At the 70th percentile income level, Social Security benefits generally provide enough income to reduce the cited personal savings rate by half. At the 90th income percentile, the safe savings rate should actually increase to more than 18 percent.8 This is because higher-earningconsumers generally spend more money as their income increases — known as “lifestyle creep.” In other words, higher earners must save more for retirement income in order to pay for their more upscale lifestyle.
Higher Income Can Lead to Higher Spending …
It would seem obvious that savings rates should increase as earnings increase. Unfortunately, midcareer expenses that may include a larger family, larger mortgage and increased lifestyle outlays can undermine our ability to save more. These efforts may be further hindered by sums paid for college expenses and elderly parent care.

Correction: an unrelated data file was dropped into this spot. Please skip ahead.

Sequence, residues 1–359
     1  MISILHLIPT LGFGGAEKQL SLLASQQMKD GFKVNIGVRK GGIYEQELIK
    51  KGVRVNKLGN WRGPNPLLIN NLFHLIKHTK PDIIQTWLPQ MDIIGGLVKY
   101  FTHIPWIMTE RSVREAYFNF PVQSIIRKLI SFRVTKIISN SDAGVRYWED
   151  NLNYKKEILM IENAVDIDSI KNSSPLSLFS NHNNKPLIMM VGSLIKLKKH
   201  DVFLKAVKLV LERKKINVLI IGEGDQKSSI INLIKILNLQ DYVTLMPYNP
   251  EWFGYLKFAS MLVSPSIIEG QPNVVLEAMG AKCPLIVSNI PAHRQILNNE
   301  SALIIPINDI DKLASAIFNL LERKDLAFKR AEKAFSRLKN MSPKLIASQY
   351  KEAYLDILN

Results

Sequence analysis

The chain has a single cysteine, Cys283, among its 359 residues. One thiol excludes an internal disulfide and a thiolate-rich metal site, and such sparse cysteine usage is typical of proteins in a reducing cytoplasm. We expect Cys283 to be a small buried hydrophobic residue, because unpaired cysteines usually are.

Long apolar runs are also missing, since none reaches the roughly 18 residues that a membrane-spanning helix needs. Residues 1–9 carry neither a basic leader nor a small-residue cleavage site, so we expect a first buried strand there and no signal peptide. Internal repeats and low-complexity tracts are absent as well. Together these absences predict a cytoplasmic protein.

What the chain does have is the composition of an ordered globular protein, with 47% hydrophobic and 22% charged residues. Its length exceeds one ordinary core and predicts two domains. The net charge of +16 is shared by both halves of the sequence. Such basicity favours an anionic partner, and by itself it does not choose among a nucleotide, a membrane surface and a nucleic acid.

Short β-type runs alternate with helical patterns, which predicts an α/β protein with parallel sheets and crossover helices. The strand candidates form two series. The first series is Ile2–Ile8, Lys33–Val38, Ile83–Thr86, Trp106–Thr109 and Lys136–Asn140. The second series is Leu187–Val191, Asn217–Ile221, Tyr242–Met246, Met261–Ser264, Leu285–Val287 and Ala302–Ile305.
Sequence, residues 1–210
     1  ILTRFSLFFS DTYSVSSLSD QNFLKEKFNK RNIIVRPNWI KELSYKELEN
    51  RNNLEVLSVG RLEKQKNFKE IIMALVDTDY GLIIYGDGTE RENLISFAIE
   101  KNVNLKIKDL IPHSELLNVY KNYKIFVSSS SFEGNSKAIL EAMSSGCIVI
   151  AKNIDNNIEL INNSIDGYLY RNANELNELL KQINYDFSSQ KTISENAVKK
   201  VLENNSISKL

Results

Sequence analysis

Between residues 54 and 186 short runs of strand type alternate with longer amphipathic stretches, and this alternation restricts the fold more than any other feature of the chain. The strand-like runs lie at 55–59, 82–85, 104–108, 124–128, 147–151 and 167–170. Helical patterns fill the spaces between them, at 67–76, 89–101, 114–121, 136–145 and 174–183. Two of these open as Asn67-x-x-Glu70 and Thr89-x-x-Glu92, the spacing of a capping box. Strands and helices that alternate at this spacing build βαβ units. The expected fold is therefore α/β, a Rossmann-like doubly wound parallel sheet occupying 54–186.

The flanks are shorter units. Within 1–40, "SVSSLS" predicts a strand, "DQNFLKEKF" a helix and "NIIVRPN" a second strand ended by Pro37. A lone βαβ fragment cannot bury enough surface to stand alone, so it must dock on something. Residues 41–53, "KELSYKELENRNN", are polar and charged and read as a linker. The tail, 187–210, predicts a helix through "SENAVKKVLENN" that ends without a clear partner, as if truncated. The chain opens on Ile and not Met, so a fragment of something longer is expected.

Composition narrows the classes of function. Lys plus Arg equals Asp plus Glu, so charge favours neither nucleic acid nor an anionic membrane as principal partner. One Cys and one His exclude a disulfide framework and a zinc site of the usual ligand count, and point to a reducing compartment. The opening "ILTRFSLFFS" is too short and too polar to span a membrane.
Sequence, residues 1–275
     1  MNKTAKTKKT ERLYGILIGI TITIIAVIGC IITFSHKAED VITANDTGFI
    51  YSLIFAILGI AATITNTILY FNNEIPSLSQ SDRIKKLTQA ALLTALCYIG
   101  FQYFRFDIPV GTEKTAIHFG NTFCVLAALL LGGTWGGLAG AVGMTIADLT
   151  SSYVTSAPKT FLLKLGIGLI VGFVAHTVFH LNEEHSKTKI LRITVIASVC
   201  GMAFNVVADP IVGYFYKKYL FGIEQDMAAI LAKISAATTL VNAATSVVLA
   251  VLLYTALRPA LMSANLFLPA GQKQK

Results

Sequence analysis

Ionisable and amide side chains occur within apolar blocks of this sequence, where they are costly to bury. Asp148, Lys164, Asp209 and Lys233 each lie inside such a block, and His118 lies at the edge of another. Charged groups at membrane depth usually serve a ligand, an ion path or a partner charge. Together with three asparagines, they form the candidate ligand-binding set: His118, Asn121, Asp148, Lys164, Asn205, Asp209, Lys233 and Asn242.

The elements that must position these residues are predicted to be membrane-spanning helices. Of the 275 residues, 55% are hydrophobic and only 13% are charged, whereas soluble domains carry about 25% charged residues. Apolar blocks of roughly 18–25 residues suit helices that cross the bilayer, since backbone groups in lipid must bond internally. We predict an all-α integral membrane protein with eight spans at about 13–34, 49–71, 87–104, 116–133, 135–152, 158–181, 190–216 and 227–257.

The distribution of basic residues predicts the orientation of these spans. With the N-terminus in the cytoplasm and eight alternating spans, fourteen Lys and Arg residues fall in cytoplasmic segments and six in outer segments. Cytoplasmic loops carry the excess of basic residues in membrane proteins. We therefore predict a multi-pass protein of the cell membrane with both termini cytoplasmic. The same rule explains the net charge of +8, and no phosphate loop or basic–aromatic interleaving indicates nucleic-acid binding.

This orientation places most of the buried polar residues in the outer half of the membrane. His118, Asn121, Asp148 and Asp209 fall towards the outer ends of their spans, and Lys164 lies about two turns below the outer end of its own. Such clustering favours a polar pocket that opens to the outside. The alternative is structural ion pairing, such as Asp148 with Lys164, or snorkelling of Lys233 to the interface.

However, the bigger problem may be lifestyle creep. For those starting late who need to catch up on their retirement savings, this could require a reduction in current household spending. Other factors such as retirement lifestyle goals, asset allocation during retirement and the availability of other income sources directly impact the personal “safe savings rate” required to adequately fund retirement.
Article provided by AE Wealth Management for Safe Harbor Financial Services.
1 Derek Tharp. Nerd’s Eye View. May 24, 2017. “Safe Savings Rates With Real-World Wage Increases Over Time.” https://www.kitces.com/blog/safe-savings-rates-real-earnings-growth-curve-cost-of-living-raises/. Accessed Oct. 18, 2017.